Tuesday, November 30, 2010

Classical Tai Chi THE Martial Art



I find it fascinating that Classical Tai Chi (Taijiquan)was once so highly regarded as not only the  most capable but also the most polished martial art of its time.  The royal families of China were undoubtedly protected by individuals who were extremely proficient in the art. When the sun set on the need for personal martial skills the door opened so that the general populace could be taught.

One does not hear the use of the word "chuan" along with Tai Chi in most classes today, however I always heard it used in my study of the Wu's Style.  A statement might be: "It is time to do our chuan" which would precede the group playing the form as a whole. I wonder if the term is still used because I see a store full of so called "competitive" and "shortened" versions being touted.

However, with the teaching of the world as it were, the degradation and demise of the art thus began. What we have nowdays as a supposed "legacy" is in the majority of cases merely a shallow and insipid caricature.  I am not impressed whatsoever by even the most "athletic" performances as competition routines, to say nothing of so called "new age" Tai Chi.

Having studied the art on both sides of the fence as it were, I do not subscribe to the general tendency to augment my practice with additional "Chi Kung" or "Qigong" practices to develop internal energy.  Or for that matter do I subscribe  to the supposed need for the various "standing post" practices.  Quite frankly, Classical Tai Chi does not need them and it is sufficient unto itself.  I'm often inclined to think that an overall deficiency in the understanding of Tai Chi principles is the precursor to thinking that one needs these additional practices.  I also think that one's own recognition of a supposed "lack of progress" or a "better way" makes one feel the need for what appears to be an easier way to do things.  Therein, I feel lies much of why the art has begun to suffer...everyone is looking for an imaginary shortcut to learning.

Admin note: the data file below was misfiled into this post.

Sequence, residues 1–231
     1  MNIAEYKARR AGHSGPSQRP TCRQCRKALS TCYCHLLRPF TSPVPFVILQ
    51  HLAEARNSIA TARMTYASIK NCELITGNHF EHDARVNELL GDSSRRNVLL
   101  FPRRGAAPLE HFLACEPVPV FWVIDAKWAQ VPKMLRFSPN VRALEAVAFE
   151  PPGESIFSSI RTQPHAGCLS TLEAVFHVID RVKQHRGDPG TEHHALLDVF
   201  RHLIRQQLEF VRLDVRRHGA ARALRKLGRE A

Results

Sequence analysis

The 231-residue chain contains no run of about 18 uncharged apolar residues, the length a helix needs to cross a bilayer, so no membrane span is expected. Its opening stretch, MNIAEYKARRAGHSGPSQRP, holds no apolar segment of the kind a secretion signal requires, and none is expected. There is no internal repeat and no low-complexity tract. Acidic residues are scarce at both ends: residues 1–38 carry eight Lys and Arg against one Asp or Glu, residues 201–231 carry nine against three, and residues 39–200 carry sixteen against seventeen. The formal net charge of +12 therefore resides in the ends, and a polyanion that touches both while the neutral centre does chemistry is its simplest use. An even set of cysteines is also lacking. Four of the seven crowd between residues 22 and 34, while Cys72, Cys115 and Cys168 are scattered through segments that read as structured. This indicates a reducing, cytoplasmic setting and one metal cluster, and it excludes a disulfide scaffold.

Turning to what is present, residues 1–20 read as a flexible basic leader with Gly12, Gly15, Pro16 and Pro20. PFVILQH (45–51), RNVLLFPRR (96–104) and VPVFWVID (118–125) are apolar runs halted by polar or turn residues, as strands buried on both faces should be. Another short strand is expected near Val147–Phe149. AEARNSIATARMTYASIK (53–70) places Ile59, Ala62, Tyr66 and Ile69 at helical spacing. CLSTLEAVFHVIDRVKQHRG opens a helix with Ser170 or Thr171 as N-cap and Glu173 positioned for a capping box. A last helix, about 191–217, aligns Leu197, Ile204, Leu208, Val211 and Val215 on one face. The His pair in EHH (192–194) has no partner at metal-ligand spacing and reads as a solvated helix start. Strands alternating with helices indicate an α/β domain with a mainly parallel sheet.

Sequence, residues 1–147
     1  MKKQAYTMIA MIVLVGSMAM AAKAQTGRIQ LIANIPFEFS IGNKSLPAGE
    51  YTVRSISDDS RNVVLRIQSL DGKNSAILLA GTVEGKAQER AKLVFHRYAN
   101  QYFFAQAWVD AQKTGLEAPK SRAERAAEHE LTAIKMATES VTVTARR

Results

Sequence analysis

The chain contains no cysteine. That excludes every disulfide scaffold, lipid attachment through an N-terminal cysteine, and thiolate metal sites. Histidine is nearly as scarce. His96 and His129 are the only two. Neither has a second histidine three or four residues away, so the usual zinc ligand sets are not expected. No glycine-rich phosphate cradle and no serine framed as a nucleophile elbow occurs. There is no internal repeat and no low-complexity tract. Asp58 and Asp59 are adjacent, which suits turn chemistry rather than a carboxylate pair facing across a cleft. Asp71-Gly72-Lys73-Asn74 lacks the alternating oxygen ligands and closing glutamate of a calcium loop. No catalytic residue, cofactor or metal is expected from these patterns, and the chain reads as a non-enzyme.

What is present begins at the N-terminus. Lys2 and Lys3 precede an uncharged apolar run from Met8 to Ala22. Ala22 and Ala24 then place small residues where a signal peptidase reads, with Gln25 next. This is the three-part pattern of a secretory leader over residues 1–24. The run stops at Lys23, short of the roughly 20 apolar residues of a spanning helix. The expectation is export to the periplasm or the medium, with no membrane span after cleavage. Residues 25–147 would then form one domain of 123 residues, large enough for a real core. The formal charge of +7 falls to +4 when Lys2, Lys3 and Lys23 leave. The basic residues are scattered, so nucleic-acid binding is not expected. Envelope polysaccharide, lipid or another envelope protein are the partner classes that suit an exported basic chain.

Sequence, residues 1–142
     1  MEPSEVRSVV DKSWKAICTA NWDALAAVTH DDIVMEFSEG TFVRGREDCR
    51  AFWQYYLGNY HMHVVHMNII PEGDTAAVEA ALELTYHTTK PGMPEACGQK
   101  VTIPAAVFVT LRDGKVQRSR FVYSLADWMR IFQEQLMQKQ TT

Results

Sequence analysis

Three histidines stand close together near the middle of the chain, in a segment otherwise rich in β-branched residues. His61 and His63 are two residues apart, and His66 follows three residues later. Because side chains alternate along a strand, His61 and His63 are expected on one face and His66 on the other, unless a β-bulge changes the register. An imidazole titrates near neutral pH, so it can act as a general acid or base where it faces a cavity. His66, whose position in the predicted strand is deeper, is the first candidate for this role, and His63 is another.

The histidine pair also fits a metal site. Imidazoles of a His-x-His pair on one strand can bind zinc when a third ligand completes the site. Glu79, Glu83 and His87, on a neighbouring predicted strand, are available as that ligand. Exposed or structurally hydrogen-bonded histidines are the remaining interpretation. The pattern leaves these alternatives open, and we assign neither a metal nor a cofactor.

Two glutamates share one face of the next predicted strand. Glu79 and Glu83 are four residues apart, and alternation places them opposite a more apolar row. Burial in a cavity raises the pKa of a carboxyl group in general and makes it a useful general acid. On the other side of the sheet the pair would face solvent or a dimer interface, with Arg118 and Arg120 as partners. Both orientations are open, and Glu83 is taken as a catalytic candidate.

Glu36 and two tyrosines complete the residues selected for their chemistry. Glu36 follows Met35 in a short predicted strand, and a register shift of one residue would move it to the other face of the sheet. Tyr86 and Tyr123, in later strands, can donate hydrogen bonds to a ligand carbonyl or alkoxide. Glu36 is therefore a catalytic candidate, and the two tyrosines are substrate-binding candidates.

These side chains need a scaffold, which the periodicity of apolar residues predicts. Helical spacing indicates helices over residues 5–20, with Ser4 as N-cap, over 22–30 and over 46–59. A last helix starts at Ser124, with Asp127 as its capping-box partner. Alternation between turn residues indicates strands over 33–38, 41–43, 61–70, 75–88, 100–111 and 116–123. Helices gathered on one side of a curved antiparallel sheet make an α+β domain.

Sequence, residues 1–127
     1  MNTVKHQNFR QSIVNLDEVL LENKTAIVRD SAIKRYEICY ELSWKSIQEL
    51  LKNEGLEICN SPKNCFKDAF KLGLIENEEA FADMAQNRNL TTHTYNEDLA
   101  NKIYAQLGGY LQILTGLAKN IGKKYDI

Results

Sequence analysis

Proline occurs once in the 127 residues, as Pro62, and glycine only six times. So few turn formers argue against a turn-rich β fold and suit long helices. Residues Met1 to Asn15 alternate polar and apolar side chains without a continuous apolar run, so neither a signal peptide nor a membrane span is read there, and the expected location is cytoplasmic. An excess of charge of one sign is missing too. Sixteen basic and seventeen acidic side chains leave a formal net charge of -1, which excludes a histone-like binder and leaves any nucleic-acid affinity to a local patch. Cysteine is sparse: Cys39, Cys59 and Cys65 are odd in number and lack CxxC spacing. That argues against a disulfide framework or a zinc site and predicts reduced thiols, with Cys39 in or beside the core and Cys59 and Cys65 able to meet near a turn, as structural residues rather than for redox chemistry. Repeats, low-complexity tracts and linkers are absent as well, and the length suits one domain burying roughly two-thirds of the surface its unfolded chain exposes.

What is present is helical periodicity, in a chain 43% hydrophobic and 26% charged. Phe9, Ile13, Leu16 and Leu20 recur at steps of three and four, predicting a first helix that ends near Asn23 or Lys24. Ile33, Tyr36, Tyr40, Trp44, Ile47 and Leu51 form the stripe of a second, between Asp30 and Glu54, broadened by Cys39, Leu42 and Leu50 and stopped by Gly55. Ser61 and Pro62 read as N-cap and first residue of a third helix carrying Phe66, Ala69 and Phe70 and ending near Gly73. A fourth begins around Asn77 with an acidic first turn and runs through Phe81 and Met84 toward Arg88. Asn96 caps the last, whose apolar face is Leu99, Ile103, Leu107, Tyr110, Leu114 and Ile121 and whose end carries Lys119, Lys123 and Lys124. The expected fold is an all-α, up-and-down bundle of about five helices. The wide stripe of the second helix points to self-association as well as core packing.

I also defer to my teacher Stephen Hwa (Hwa Laoshi) and his teacher Grandmaster Young Wabu.  I'm sure if they wanted disciples to do these practices they would have told us to and laid out a path for us to follow.  I think, that adding these additional practices on one's own and still calling it Classical Tai Chi,  is a disrespect of the art and shows disrespect to teachers.  It cries out that the student knows better than the teacher...how can that be?

If you want "internal energy" it will come with extended practice of the Classical Tai Chi form. Not the "short", or coupled with "breathing/qigong/standing/etc" practices but the 108 movement "long form".  How on earth does anyone purport to know better than the grandmasters of the art who were the geniuses that gave it to us in the first place?  Think of what existed in the Qing dynasty and shortly thereafter before the floodgates were opened to the public.  No one would have dared to suggest augmenting or shortening it to those individuals.  

In addition,the fact that large numbers of technocrats have set arbitrary standards and shortened what really looks like "dancing" competitive routines certainly does not impress me. Albeit "athletic", still  very pretty, very dance like, very choreographed (much like a Broadway show).  THE martial art is absent and one sees no martial intent in these carictatures.

Monday, November 29, 2010

The love of paradox in Taoist thought and Tai Chi





Taoist thought  loves paradox but seems to eschew logical explanations for things. Yet, the use of logic in the explanation of Tai Chi principles is unquestionable, it is absolutely essential.  Compare the use of logic to explain something vs. Taoist thought. From a famous story of  Chuang Tzu: 


Long ago, Chuang Chou dreamed that he was a butterfly. He was elated as a butterfly--well pleased with himself, his aims satisfied, he knew nothing of Chou. But shortly he awoke and found himself to be Chou. He did not know whether as Chou he dreamed he was a butterfly, or whether he actually was a butterfly who now dreamed he was Chou.If a sleeper can dream so vividly that he is unable to ascertain that his experiences are actually unreal, how can he ever be certain that anything he experiences is real? 

So...Sifu Jim Roach is dreaming that he is teaching a class. In the dream he sees a former Tai Chi student teaching in the same building.  Jim is holding forth to his class how absurd the student's ideas are.  However, while still in the dream he believes the student to be teaching in Studio A.  To emphasize his point, he writes on a giant piece of paper the single sentence:  Everything written on the paper in Studio A  is false. But Jim  has made a mistake. He, himself  is in Studio A. So is what he has written on the paper true or false? If it’s true, then since it itself is written on the paper, it’s false. If it’s false, then since it is the only thing written on the paper, it’s true. Either way, it’s both true and false, is it not?